New glasses help bring vivid hues to colorblind

Scientist develops EnChroma glasses

SAN ANTONIO – After a scientist developed glasses to help doctors see better during laser surgery, his friend put on the glasses to play ultimate Frisbee and discovered that he could see the orange cones for the first time.

Seven years later, that idea became EnChroma, a company that helps the colorblind see color.

Barbra Lann cried the first time she put on her EnChroma glasses.

"It was amazing," she said. "From the minute I put them on, I didn't realize that it wasn't just greens that I was not seeing, it was also things like blues, browns, reds."

Chief scientist Don McPherson has spent 13 years studying color vision. Designing a lens that improved color discrimination for the colorblind was the first step. Understanding how the glasses helped people's color vision took a lot longer.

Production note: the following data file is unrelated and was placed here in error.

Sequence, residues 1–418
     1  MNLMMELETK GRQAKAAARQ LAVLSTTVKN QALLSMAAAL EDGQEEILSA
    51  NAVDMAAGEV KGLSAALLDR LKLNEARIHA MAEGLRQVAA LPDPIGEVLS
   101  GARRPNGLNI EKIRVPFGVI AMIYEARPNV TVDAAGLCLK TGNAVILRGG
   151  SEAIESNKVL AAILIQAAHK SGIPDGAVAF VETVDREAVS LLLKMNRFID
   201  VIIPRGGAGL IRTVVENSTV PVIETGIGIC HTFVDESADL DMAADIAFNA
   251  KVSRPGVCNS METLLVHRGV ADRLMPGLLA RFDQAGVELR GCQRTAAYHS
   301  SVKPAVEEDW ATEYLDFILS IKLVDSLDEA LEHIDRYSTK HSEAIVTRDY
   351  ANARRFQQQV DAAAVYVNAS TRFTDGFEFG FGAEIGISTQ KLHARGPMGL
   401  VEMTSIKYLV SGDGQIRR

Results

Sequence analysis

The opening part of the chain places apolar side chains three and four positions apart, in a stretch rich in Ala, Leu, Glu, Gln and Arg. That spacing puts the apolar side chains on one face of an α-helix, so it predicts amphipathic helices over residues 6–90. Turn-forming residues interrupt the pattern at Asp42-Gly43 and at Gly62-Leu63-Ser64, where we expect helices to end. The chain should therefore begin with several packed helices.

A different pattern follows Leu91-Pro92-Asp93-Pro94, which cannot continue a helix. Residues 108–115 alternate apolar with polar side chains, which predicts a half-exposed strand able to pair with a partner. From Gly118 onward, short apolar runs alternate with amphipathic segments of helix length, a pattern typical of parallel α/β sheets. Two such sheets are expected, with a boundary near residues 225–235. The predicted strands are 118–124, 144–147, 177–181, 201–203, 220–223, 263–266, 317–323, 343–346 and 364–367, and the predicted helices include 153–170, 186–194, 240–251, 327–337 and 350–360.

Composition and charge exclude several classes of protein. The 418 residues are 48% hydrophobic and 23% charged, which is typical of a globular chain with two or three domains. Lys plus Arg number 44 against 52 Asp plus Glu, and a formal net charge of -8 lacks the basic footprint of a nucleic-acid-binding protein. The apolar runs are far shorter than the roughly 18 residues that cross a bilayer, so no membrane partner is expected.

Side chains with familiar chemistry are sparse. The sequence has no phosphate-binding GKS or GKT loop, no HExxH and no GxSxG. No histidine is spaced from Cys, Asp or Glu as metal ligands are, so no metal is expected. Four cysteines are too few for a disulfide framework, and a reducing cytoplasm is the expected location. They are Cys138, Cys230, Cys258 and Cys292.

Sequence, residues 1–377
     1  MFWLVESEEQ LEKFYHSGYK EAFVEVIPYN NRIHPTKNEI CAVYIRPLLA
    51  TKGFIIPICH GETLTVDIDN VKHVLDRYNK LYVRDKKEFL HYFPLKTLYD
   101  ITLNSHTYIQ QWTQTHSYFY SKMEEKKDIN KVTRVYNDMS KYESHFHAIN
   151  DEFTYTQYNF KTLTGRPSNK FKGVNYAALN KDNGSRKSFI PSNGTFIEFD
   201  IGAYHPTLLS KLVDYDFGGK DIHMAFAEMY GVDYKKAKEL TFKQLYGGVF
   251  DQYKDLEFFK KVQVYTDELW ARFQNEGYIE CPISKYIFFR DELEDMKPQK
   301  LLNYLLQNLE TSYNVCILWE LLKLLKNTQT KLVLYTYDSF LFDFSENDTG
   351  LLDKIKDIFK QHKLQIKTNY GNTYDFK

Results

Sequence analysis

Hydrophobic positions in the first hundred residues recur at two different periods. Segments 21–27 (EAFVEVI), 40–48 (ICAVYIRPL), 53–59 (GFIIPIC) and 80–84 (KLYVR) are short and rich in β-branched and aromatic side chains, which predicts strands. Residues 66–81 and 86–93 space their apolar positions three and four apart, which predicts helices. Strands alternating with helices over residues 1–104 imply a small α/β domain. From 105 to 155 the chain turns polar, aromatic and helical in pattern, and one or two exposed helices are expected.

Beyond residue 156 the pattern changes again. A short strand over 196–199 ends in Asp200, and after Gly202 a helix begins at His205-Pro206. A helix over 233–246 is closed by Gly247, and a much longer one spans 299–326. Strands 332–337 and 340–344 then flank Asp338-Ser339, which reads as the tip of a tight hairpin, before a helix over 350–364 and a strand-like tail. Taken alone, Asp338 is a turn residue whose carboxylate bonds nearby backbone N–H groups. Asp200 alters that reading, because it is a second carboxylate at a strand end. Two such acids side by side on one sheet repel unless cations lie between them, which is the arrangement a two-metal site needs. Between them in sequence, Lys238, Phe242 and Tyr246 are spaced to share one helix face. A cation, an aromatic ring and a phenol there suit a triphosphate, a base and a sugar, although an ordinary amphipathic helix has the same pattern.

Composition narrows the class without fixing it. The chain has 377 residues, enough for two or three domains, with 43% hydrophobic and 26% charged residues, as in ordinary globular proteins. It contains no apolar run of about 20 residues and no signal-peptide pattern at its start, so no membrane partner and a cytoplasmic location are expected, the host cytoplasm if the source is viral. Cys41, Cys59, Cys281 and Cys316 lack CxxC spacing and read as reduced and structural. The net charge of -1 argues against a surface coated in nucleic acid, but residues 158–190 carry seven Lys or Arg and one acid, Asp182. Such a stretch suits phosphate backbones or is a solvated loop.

In normal color vision, blue, red and green photo pigments are separate. With colorblindness, red and green overlap, causing colors to become muddled.

"Our filter comes in and moves it back to normal position," McPherson said. "Now you're sending the correct information to the brain, and those neuromechanisms, which have been dormant their entire life, are suddenly activated."

Using CEO Andy Schmeder's mathematical modeling expertise and three NIH grants, EnChroma was born in 2010.

"In the world, there's an estimated 200 million to 300 million that have colorblindness," Schmeder said. "Right now, we've been able to help tens of thousands of those. It's such a tiny, tiny percentage."

Schmeder said he and and McPherson hope to bring color to many more people, especially children.